Your predecessor at the archives you are currently employed at was great at creating exhibits for your collection. They’d spent a few years as the exhibit designer for a small area museum before becoming an archivists. These exhibits would draw excellent crowds for your organization and the former archivist could call on their friends to get good speakers for exhibit programs. They had even created a very popular sleep over program. You have none of that, but you do have two rooms of exhibit area that you now find yourself in charge of. The exhibit program would have exhibitions rotate two to three times of year. Each exhibit would have an opening event and an event in the middle that was some what related. What didn’t occur with the previous archivist was any outreach activities beyond exhibits and exhibit related presentations.

Questions

  • How would you approach planning outreach activities for this organization? Would your approach change if this were a government archives or a business archives?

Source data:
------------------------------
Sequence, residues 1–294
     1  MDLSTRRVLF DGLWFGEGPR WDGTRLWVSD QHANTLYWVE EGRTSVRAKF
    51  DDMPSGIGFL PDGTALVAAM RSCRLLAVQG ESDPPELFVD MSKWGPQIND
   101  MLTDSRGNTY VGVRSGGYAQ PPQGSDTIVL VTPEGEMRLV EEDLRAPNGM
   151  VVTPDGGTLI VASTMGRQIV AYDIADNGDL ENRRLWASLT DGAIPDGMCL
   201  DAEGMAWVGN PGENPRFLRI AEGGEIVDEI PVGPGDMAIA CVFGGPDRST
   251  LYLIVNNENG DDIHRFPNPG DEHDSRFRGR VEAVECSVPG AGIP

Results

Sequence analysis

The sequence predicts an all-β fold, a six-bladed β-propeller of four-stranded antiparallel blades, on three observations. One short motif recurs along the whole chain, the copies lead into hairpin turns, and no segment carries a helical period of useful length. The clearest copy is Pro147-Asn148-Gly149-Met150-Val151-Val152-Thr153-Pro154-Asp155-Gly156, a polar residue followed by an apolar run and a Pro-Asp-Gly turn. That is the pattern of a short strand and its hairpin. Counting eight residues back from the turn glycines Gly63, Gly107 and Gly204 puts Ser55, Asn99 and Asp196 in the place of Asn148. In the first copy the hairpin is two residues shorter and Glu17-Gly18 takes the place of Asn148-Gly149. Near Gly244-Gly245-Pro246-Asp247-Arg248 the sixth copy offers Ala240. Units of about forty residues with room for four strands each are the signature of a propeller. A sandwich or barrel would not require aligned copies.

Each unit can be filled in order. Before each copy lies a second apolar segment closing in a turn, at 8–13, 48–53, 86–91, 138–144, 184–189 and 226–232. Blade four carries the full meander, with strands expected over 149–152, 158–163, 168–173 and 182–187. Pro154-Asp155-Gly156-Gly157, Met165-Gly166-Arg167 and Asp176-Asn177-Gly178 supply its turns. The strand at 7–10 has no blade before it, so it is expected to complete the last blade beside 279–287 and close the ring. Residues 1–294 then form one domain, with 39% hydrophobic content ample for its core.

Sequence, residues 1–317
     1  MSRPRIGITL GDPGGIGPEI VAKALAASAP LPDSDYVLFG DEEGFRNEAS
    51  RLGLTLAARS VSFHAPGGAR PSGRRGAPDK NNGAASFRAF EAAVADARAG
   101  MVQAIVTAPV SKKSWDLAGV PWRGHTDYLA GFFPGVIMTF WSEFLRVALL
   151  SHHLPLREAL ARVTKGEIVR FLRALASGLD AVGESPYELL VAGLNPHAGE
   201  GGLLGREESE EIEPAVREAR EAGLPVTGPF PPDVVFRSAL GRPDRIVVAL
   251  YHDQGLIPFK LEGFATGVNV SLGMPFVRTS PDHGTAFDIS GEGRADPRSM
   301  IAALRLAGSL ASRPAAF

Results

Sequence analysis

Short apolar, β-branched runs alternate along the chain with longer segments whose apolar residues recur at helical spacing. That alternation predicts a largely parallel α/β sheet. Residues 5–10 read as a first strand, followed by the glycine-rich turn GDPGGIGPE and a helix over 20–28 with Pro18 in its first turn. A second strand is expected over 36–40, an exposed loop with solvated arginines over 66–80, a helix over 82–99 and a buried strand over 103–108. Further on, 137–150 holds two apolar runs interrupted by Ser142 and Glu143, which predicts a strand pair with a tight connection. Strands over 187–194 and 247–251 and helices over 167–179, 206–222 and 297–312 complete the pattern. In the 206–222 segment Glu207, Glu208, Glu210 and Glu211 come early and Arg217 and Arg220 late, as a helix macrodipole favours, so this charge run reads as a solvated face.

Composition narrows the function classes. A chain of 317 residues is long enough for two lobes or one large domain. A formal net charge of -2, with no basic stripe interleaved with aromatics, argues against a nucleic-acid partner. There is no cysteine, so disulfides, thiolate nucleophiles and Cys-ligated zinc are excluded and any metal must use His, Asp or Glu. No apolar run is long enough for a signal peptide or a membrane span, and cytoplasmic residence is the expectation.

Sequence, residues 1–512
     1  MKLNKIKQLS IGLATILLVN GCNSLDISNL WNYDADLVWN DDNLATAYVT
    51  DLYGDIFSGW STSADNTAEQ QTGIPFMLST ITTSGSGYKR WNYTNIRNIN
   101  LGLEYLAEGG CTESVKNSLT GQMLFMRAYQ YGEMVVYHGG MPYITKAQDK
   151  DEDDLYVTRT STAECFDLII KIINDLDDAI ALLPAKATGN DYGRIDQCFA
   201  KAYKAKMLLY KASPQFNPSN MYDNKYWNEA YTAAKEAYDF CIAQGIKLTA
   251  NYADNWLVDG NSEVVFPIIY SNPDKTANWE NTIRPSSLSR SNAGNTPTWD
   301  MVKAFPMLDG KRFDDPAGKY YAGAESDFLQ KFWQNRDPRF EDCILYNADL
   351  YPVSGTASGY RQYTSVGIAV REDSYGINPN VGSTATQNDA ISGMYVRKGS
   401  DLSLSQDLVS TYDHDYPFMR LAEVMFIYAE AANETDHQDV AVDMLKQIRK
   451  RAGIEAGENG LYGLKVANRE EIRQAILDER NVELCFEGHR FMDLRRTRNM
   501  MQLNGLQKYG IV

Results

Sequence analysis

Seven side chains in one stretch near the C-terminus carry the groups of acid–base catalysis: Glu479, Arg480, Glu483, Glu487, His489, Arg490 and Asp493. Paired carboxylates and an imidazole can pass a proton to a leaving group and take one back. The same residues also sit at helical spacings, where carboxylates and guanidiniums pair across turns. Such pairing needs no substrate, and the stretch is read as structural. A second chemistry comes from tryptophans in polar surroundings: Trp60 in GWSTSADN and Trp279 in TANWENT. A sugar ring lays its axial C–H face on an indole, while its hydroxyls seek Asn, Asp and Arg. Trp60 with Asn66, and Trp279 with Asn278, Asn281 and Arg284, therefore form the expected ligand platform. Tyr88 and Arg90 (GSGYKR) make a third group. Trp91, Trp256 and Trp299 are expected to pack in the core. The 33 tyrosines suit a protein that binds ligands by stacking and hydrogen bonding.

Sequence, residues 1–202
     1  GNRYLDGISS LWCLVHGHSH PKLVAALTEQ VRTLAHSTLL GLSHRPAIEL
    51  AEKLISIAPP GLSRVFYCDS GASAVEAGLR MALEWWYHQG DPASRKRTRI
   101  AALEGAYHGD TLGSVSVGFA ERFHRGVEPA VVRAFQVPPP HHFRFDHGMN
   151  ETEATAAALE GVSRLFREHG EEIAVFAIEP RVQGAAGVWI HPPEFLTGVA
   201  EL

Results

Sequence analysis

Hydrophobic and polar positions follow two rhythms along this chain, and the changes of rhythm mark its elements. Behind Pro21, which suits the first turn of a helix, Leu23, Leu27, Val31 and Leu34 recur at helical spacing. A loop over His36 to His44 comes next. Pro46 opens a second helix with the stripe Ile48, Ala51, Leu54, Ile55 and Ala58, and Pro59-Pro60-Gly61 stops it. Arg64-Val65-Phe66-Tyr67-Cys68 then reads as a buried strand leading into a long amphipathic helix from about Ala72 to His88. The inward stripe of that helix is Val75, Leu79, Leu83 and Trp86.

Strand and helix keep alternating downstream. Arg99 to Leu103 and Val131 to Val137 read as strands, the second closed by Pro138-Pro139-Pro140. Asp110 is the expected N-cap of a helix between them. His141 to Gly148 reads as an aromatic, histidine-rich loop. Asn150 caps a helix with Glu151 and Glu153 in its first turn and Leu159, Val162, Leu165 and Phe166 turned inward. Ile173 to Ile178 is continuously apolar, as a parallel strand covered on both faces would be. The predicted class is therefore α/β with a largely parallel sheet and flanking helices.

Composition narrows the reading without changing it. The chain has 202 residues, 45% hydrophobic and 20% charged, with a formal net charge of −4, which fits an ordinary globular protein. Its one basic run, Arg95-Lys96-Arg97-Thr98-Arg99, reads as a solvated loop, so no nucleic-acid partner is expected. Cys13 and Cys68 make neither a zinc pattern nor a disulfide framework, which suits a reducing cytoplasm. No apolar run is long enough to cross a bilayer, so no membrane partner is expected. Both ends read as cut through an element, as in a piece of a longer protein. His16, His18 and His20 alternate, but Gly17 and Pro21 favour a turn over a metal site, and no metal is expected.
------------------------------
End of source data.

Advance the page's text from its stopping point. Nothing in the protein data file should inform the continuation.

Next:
• How can you mitigate expectations surrounding exhibits? If you minimize exhibitions in your archives, what will you tell the administration about your new approach to outreach

Bibliography

Timothy L. Ericson, “Preoccupied With Our Own Gardens: Outreach and Archivists,” Archivaria 31 (1990): 114-122. http://journals.sfu.ca/archivar/index.php/archivaria/issue/view/390/showToc.


Learning Objectives

  • Assess effective organization and management of reference services
  • Evaluate reference services and success

Scenario

You work at large state archives that has a variety of different types of users, or you think that the archives has a large variety of users. You actually don’t have much of an understanding of the types of users and how you are serving them at your institution. Currently, your archives keeps rudimentary paper records that tracks the number of users and number of boxes provided. You also have pull sheets that are used for making requests as well as registration forms that document data about users including, institutional affiliation, research interests, dates visited and contact information. You’ve been tasked with analyzing your users.

Questions

  • What data do you currently have avaliable to study your reference activities?